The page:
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Nicholas Kristof: Connect to a cause

Written by Rebecca Cecala, Smart Talk Producer | Apr 27, 2015 1:50 PM
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World Malaria Day Reminder to Connect to a Cause

By Rebecca Cecala, Smart Talk producer

A 24-hour international news cycle of stories filled with disease and disaster can leave people feeling helpless rather than inspired. During a recent visit to Elizabethtown College to deliver the annual Ware Lecture on Peacemaking, New York Times columnist Nicholas Kristof emphasized that many problems associated with poverty and social justice actually have very practical solutions that anyone can contribute to, whether at home or abroad.

In fact, even after reporting on injustices and suffering all over the world, Kristof observes that people are "hard-wired" with empathy and feel driven to help others in need. The trick is to realize that we're more likely to feel empowered to help someone when they're right in front of us: "it's a little harder when a child is drowning half a world away."

Kristof's latest book with his wife Sheryl WuDunn, A Path Appears: Transforming Lives, Creating Opportunity, presents the current data for the most effective ways to help those in need, whether they live in your neighborhood or thousands of miles away. Children are an important focus of the book, as research has found that many of the problems adults face can be alleviated by access to preventative strategies when they're young.

For children in 97 countries one of the greatest dangers today is not drowning, but becoming infected with the mosquito-borne parasite that causes malaria. During a recent two-week period in Zimbabwe alone, 10,000 cases of malaria were treated in individuals under the age of five. Malaria produces flu-like symptoms and, if left untreated, can cause death. According to the World Health Organization, 3.3 billion people are at risk of being infected with malaria worldwide.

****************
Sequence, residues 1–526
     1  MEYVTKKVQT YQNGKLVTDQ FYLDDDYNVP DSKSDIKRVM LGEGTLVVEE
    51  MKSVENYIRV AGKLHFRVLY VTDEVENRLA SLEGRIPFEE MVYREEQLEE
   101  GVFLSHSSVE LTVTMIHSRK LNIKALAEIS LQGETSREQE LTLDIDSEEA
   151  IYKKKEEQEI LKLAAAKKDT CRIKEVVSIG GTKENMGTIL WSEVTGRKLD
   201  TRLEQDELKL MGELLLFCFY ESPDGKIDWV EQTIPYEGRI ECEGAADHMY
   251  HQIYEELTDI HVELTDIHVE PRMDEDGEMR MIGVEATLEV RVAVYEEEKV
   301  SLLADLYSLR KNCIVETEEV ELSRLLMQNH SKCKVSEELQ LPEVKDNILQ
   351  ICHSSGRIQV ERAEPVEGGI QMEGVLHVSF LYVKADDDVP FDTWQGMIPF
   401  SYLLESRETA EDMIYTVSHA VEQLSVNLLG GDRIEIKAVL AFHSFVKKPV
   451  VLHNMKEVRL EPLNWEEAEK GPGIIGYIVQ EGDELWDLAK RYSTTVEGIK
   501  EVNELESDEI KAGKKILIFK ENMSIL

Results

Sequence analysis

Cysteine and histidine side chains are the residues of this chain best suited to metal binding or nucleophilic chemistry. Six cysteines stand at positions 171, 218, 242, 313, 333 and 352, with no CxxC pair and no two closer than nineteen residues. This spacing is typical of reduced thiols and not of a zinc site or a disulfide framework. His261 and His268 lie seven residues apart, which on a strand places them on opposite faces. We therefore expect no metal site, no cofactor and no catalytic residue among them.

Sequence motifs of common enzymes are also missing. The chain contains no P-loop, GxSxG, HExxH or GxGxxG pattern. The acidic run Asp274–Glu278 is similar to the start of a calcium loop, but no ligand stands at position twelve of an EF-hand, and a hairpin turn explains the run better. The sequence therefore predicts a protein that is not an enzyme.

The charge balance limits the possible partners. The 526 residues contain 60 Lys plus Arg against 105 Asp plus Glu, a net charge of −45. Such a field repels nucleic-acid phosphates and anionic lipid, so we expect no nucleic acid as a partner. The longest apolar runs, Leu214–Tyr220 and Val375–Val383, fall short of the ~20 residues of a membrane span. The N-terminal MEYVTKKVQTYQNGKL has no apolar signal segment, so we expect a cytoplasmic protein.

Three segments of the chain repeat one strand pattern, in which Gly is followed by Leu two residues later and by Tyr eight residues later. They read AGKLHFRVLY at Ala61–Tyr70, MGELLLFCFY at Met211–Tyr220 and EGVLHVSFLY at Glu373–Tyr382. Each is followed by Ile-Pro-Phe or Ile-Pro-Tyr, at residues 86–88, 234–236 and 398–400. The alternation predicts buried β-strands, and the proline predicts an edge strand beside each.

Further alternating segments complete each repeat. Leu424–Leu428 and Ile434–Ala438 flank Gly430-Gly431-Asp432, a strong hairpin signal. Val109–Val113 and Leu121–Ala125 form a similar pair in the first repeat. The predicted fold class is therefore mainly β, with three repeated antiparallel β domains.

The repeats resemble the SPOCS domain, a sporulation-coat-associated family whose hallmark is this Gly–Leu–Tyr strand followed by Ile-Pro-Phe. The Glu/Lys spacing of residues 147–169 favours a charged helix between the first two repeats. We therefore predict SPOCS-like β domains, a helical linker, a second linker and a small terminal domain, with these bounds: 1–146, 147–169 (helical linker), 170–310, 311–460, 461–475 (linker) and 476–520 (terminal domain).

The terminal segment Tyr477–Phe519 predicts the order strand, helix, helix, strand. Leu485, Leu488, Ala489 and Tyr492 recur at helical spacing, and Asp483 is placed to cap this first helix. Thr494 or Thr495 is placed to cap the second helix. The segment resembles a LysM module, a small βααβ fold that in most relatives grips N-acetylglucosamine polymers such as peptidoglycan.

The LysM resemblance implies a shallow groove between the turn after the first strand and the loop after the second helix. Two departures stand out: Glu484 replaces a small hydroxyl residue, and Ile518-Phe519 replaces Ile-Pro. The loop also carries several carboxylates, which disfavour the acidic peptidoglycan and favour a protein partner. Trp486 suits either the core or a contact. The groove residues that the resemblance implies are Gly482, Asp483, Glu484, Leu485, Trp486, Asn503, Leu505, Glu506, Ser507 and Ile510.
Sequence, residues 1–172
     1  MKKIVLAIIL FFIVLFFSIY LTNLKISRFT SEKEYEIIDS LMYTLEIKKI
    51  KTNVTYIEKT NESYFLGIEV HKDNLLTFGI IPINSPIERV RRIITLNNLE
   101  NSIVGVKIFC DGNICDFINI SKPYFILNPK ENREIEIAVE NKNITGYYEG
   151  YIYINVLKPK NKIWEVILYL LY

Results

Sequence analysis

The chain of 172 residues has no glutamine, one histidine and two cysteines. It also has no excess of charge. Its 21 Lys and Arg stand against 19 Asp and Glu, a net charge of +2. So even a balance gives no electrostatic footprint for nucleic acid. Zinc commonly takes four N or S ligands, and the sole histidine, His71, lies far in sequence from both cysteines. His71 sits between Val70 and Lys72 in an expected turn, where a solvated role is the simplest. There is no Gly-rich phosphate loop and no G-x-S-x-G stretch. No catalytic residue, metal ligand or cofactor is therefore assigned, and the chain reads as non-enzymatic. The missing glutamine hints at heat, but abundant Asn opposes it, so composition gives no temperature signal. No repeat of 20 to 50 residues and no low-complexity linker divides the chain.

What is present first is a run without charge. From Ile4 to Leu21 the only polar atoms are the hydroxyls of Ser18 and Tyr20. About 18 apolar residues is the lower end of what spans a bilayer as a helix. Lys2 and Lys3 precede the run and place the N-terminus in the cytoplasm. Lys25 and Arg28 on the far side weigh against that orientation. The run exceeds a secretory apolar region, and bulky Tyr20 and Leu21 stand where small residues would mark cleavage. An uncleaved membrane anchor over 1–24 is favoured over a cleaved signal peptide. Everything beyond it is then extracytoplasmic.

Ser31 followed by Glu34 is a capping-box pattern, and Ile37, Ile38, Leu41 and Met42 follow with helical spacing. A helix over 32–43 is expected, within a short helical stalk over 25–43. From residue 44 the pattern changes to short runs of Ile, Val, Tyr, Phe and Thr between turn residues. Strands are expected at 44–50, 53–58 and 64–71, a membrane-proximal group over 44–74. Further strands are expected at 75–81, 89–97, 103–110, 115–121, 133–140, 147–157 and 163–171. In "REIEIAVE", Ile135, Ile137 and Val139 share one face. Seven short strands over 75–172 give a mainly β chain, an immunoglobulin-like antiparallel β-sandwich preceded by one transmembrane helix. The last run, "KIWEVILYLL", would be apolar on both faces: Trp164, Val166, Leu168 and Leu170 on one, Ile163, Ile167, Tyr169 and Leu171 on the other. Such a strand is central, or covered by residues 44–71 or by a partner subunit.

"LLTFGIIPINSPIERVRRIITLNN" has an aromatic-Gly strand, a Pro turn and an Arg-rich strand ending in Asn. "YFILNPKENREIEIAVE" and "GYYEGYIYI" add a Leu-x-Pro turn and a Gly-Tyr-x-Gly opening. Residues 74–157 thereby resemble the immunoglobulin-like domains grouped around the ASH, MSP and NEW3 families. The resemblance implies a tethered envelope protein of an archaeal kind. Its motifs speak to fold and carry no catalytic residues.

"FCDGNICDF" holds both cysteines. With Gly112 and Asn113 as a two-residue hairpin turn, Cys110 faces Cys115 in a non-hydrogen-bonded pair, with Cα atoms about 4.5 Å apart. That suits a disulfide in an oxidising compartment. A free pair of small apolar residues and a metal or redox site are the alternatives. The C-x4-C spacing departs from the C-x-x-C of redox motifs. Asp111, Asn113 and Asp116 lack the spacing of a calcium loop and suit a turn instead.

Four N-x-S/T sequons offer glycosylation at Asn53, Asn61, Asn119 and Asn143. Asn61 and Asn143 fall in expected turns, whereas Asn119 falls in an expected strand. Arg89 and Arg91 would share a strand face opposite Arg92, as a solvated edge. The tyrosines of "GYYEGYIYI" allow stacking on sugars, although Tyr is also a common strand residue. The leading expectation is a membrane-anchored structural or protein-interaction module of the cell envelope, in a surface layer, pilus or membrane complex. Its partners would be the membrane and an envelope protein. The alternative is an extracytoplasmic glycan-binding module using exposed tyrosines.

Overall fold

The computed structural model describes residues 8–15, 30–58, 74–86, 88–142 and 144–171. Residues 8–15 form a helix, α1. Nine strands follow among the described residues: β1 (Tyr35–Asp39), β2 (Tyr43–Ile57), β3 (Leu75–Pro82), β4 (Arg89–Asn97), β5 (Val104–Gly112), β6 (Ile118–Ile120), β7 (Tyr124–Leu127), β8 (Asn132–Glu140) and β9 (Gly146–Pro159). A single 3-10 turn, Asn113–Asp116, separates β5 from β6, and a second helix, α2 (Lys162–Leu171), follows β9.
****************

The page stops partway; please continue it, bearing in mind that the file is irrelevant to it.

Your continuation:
Last Saturday was World Malaria Day, and malaria is one example that Kristof and WuDunn provide of a problem that disproportionately impacts children but has simple and cost-effective solutions. Of 584,000 malaria-related deaths in 2013, an estimated 437,000 were children in Africa. These figures are sobering when one considers that new measures of prevention and treatment caused the mortality rate of malaria to fall 47% between 2000 and 2013.

Following Kristof's lead, though, the dramatic decrease in mortality suggests that supporting these preventions and treatments for malaria is a huge opportunity to make a difference in people's lives. Simple things like free bed nets to protect people from mosquitoes while they sleep have been shown to be inexpensive and effective ways to save thousands of children's lives.

Kristof and WuDunn emphasize that the future of charitable organizations will continue to utilize randomized trials and data analysis to make sure that the methods used by organizations such as the Against Malaria Foundation for prevention and treatment of diseases like malaria are the most effective ones possible.

One net costs $3 and lasts 3-4 years. Making a difference in the life of a child is sometimes easier than we expect. In the case of malaria, a disease that threatens millions is likely, according to Kristof and WuDunn, "to be eliminated as (a) public health threat" over the next few decades.

Asked at the press conference prior to his talk at Elizabethtown College why people should help others in need, Kristof replied, "It sounds so hokey to say it, but I really think that there is something rewarding, and fulfilling, and meaningful about connecting to a cause larger than oneself." The upcoming World Malaria Day is a reminder that malaria is only one example among many that can potentially be solved by the numerous, small donations of time and money by individuals who want to help.

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